EZ: There are so many things in procurement and purchasing for manufacturing that are changing so fast. First, you are seeing a new wave of American manufacturing with semiconductors and EVs and a whole range of related industries, and that is giving businesses the opportunity to automate and re-think the physical space of the factory floor in pretty fascinating ways.
Second, the ChatGPT revolution has huge implications for purchasing agents. For example, I prompted the AI to write me an RFP for Waste Management Services and generate a list of relevant specs and the result was better than what most junior buyers would be able to produce. That’s astonishing.
Procurement teams will also have to consider if they want suppliers creating proposals or commercial offers using ChatGPT, or whether it still makes sense to admin processes using a manual approval form or purchase request process when there are now so many other channels. We’re still early days on all of these changes, but the impact is already being felt by manufacturing companies around the world.
Patti DeVault, Buyer, Dover Chemical
What led to Dover Chemical Corporation seeking out predictive procurement?
PD: As the head of procurement for MRO at Dover Chemical, my mission is to save Dover money by reducing spend and processing time. With a new CFO coming on board, he was aware of the value we were not capturing in our MRO organization, and wanted us to join him in listening to what a predictive procurement platform had to offer. At first, I was a negative nelly - very skeptical the system would deliver any benefit. But we saved thousands of dollars on our very first RFP using the system and I quickly became a believer, saving significant money in RFPs ever since.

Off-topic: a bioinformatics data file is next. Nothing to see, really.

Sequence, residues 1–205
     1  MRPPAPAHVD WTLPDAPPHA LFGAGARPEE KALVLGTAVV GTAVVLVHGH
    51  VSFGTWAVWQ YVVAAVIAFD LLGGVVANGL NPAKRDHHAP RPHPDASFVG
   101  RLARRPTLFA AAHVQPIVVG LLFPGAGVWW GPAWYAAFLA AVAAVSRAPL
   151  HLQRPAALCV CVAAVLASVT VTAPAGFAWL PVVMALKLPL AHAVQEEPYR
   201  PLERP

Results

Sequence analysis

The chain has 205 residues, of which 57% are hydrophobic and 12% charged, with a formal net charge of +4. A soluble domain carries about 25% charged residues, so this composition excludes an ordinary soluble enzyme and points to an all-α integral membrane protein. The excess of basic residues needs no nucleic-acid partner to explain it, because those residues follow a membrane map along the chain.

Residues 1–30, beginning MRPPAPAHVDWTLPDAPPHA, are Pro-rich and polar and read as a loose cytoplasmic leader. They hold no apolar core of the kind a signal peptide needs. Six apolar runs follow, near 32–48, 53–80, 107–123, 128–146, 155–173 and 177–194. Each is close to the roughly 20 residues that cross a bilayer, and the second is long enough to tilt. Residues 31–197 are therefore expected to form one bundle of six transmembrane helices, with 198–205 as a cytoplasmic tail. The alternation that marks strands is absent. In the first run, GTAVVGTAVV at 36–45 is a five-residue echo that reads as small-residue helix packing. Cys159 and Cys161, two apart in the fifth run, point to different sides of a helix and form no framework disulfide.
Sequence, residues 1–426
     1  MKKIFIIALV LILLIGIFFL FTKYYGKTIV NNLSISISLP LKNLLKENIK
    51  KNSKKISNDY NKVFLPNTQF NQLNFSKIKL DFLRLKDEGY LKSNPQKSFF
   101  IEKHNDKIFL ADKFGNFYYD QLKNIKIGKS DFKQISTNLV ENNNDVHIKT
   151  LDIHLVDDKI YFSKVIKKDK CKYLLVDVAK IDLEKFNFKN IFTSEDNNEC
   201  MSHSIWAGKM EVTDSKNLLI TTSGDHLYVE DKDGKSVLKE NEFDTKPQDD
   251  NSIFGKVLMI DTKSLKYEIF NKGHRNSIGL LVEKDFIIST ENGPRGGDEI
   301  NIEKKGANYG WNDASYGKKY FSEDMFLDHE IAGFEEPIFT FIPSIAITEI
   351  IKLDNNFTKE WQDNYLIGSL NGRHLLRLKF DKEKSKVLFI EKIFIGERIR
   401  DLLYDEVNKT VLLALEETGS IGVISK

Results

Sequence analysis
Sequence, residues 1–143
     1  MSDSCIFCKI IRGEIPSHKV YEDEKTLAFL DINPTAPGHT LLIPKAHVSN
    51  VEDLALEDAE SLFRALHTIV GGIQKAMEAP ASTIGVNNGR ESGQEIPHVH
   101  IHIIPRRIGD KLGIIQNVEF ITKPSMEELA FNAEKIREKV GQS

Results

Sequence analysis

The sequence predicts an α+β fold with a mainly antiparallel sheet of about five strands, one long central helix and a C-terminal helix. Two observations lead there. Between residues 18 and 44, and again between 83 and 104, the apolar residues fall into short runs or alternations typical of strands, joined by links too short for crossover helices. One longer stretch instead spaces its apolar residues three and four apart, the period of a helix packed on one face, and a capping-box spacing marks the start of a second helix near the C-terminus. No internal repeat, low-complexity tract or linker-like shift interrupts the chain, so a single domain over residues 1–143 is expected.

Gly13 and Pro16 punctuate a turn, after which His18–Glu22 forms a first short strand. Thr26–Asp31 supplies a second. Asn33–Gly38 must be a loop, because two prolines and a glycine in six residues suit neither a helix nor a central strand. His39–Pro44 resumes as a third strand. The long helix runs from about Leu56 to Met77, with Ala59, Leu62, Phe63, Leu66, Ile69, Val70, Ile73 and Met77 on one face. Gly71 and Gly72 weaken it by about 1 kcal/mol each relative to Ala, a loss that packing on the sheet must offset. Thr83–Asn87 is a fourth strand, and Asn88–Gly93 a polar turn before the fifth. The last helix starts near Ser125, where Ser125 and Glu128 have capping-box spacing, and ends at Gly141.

How has predictive procurement impacted the company?
PD: Arkestro has streamlined the entire procurement workflow, making it easier to collaborate with suppliers. We have stronger supplier relationships, improved process and workflow efficiencies and increased cost savings. Previously, requisitioners were choosing what to buy, then calling procurement for POs. This meant Dover wasn’t always paying/receiving the best pricing available from a preferred supplier.
Today, Arkestro is embedded within Dover’s ERP system as part of the RFQ process. Price suggestions, baselined from previous purchases, drives savings -- 13% savings versus previous spend – combined with 50% less time spent on updating systems, driven largely by the automation of quoted pricing transferring directly to our ERP system and Arkestro’s integrated supplier messaging system (no constant switching between the Arkestro platform and email).
How does the company intend to use it in the future?
PD: Currently, Dover Chemical uses Arkestro to influence 98% of their indirect spend (MRO and other supplies) at one of two locations. In the future, we plan to begin using Arkestro to influence direct spend and bring our second location online for indirect spend. We’re also working to accumulate even more purchasing data in order to better serve Dover.